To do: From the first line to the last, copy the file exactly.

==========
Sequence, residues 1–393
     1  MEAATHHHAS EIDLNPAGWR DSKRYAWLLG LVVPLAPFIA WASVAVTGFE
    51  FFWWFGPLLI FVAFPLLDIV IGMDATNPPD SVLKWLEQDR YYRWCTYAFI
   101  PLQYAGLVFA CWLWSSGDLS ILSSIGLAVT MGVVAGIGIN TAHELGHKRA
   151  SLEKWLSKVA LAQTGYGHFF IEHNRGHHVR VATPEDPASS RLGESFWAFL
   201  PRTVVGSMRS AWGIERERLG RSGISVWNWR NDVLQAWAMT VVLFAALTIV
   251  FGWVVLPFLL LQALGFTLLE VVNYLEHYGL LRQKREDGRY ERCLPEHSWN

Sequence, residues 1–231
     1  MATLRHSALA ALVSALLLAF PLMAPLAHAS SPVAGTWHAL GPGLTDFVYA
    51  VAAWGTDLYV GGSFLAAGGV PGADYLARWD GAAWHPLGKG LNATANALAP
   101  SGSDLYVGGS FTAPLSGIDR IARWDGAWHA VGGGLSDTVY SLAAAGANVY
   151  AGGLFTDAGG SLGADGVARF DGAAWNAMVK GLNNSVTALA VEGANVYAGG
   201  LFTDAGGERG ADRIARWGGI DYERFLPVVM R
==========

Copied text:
Sequence, residues 1–393
     1  MEAATHHHAS EIDLNPAGWR DSKRYAWLLG LVVPLAPFIA WASVAVTGFE
    51  FFWWFGPLLI FVAFPLLDIV IGMDATNPPD SVLKWLEQDR YYRWCTYAFI
   101  PLQYAGLVFA CWLWSSGDLS ILSSIGLAVT MGVVAGIGIN TAHELGHKRA
   151  SLEKWLSKVA LAQTGYGHFF IEHNRGHHVR VATPEDPASS RLGESFWAFL
   201  PRTVVGSMRS AWGIERERLG RSGISVWNWR NDVLQAWAMT VVLFAALTIV
   251  FGWVVLPFLL LQALGFTLLE VVNYLEHYGL LRQKREDGRY ERCLPEHSWN

Sequence, residues 1–231
     1  MATLRHSALA ALVSALLLAF PLMAPLAHAS SPVAGTWHAL GPGLTDFVYA
    51  VAAWGTDLYV GGSFLAAGGV PGADYLARWD GAAWHPLGKG LNATANALAP
   101  SGSDLYVGGS FTAPLSGIDR IARWDGAWHA VGGGLSDTVY SLAAAGANVY
   151  AGGLFTDAGG SLGADGVARF DGAAWNAMVK GLNNSVTALA VEGANVYAGG
   201  LFTDAGGERG ADRIARWGGI DYERFLPVVM R